When we arrived, the man who sold the chickens hadn't arrived yet, so we bought 20 kg of mixed grains in the garden center. By the time we came out, your man had arrived and we were last in the queue. We sat down on some garden timber with our two cat carriers in the hot sunshine looking on to the people before us. It was great ! Your typical Ardèchois farmers and farmer's wives (funny that 3 of the 4 women had their hair dyed in a bright gingery colour). The chickens were put in boxes by the dozens (yes, chickens per box). I suppose it prevents them sliding around on these bendy roads.

One woman had her boxes and wanted to write a cheque to pay what was due : it is € 49, quarante neuf, love. She always got distracted by the conversations around her that she had to ask about 5 times, 'how much ?'. By the end, everyone there was about to shout : 'quarante neuf !'

Another woman had her boxes carried to her car by a friendly farmer. While she was paying, the chickens had escaped from the box and were all lined up at the rear window of the car. No problem, she paid, got in the car and drove off. With the chickens able to take in the view of the lovely country side. We all laughed so hard, even if we did bring a camera, we wouldn't have been able to shoot some pictures.

At last it was our turn. Two chickens in each cat carrier, please. If the man thought we were strange, it didn't show. We drove back home again, greeted by Kerel, our dog. He was very excited. He remembered we had some similar creatures when we lived in Ireland, and as 'they' had stolen 'his' compost heap. this didn't forbode well. The excitement of the first day has worn off and he isn't going beserk anymore. When you ask him : 'where are the chooks ?' he is very eager to show you, clever dog.

They seem to have settled in nicely, only they don't want to use their perch and the laying boxes are used as a perch and not to lay eggs in. After coming back from his mini trip to Belgium, Bert was adamant that the perch was too high and did we think the chooks were monkeys. I'll let you in on a public secret : it was 'him' who told Ezra (our American volunteer) how high it should be and where it had to be placed. I was there ! And, I said at the time I had my doubts about the height. That aside, I found the first egg the next day in the grass, where I had seen two of them huddled up previously. I thought they were taking shelter from the heat. Proud as I was, I had to take a picture, and also because the other people in the house might think I had just taken the egg out of the pantry.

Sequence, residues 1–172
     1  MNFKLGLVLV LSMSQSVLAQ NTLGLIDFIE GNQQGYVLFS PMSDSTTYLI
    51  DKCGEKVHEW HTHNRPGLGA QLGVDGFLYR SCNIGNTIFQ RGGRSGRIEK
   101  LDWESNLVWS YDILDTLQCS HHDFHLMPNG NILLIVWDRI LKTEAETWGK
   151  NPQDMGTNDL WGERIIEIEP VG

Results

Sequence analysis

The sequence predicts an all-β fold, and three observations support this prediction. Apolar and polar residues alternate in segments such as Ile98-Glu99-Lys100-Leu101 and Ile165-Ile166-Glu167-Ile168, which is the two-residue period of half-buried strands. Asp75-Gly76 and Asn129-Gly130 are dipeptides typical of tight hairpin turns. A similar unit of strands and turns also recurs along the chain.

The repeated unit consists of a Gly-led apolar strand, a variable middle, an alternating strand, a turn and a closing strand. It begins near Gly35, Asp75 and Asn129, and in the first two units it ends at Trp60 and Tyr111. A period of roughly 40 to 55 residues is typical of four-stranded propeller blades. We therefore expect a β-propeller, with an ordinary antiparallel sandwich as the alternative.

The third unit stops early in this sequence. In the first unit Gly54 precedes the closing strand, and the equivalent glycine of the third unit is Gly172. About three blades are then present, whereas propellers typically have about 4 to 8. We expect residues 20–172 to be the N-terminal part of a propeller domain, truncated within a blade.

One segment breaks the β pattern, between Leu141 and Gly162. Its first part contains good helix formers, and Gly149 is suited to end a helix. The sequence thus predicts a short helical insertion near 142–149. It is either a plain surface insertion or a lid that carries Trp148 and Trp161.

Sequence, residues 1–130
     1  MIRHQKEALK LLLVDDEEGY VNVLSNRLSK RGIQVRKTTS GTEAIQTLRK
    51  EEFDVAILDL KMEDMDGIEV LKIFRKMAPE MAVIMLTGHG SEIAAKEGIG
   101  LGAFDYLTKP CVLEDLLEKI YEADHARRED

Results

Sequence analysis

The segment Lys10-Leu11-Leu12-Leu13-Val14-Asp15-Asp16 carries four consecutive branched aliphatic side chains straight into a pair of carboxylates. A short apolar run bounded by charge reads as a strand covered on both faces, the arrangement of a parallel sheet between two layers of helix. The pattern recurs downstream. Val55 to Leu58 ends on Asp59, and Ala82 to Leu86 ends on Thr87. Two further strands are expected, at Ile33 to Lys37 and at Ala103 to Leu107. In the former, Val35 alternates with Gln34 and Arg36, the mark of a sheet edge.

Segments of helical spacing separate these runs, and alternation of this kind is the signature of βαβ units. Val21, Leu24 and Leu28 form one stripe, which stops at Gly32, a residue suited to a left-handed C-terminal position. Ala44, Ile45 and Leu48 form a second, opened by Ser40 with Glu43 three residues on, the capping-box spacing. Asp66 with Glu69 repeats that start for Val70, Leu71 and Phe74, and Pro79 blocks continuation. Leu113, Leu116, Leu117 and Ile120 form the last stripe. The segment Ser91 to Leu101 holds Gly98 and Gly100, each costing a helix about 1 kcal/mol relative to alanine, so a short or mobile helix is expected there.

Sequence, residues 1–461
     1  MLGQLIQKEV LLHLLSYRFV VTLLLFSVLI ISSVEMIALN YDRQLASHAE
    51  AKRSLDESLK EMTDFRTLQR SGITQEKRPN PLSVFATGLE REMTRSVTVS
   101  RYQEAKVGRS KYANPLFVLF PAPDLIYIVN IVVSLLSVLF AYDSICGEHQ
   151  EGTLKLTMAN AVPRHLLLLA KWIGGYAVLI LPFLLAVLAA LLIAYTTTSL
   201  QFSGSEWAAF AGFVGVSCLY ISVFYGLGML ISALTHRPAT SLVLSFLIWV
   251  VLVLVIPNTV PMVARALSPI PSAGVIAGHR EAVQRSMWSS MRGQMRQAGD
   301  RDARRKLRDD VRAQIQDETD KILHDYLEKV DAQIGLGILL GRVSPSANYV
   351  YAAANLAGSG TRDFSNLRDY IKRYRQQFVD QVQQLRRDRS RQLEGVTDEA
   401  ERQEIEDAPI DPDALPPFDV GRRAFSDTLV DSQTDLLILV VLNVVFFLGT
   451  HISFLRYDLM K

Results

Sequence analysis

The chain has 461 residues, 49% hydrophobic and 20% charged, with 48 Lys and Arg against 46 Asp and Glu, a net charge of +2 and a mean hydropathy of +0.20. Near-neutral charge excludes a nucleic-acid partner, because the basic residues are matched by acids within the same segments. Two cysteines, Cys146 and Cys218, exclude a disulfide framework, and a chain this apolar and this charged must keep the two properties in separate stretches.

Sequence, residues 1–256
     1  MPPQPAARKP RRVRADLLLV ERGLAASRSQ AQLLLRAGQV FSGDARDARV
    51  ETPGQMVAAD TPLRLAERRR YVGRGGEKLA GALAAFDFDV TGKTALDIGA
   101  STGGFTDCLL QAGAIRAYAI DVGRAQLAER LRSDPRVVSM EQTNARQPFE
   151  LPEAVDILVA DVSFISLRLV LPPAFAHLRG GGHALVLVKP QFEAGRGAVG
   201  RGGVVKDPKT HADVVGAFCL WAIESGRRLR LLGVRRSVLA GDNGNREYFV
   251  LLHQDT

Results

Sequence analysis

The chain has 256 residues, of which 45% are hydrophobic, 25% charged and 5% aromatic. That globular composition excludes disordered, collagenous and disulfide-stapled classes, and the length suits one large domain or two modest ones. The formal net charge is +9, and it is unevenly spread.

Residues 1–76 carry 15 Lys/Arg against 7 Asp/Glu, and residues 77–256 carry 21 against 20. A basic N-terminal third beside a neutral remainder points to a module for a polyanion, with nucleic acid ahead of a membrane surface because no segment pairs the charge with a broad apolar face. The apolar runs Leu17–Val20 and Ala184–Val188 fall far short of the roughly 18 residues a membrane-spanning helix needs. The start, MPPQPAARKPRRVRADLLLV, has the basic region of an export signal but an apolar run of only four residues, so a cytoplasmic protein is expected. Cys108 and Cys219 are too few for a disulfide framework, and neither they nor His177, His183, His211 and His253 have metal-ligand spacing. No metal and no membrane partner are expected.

We are all proud of that first egg, as Sarah shows you in the picture below. We've had three more after that, but all of them were found in the grass. So if someone can give me some advice on how to get them to lay in their boxes, that would be greatly appreciated.

And now, let's get this perch sorted.

Thanks to Friedel (Travelling Two) for the first 2 photos.

Sunday, May 13, 2007

Elderflower Champagne

I have been wondering if this is a very British thing to do, making elderflower champagne. I have certainly never come across anyone in my home country or in France, where I live now, trying their hand on that. In a way, I can understand that the French, who have so much wine available, have no need to attempt making elderflower champagne. They would probably be horrified that the name 'champagne' is being used.

In Belgium, people have completely lost the knack of foraging, let alone making such a delicious drink like this. I can't blame them though, this tiny country is so urbanised and over-populated, that I doubt there are many elder trees left. The ones that are, will be poluted by exhaust fumes from cars.

The first time I made elderflower champagne was last year in spring and it is our favourite spring-time beverage. So this is for you, relatives and friends from Belgium and France.

You will need :

1 large non corrosive bucket
10 elderflowers heads (by all means use more if you want to)
2 lemons
1.5 kg sugar
5 liters of water
a dash of cider vinegar

Sarah, our Belgian volunteer, will show you the proceedings.
Put all the ingredients in your bucket
First elderflowers
Then juice the lemons, and also add the squeezed skins.
Pour in the sugar
The water

A dash of cider vinegar.

Ready for the 24 hour fermentation, stirring regularly
After 24 hours, strain through a colander and tea towel or muslin. Pour into bottles with screw tops. Ready to drink after a couple of days. Beware ! Check regularly and loosen the tops from time to time as the fermentation will continue and natural carbonation will appear.

Saturday, April 14, 2007

We started the summer kitchen

As I will be serving evening meals for holiday guests from this summer on, we thought it might be a good idea to turn the stone shed next to the kitchen into an outdoor cooking area.
This means I won't have to be indoors all day, while the weather will be treating us to another beautiful summer.
We started opening up 2 of the 3 'window' openings in the wall all the way to ground level.

I worked on this together with our Norwegian volunteer Aase (pronounce Ose). The stones we took out will be re-used in a wall near the swimming pool. And although Bert (my OH), scratched is hair in disbelief that we were taking on to many projects at once, he served us with some useful tips and advice.

It cannot be denied that this view beats the 4 walls of the indoor kitchen. We will install a gaz BBQ, a sink, a small fridge and work surface.

We'll also have a dining table for when we fancy eating 'semi' al fresco. And I already bought a wisteria to give us lots of blooms in the coming summers.

By the end of May I'm hoping to show you photos of the finished product.

Take care